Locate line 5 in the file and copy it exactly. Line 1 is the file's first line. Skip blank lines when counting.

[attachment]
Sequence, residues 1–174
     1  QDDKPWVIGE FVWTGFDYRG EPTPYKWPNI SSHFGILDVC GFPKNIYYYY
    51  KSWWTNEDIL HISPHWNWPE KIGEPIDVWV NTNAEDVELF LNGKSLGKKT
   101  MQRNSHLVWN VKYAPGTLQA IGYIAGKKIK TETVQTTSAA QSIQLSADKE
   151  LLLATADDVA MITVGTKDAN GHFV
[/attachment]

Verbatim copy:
   151  LLLATADDVA MITVGTKDAN GHFV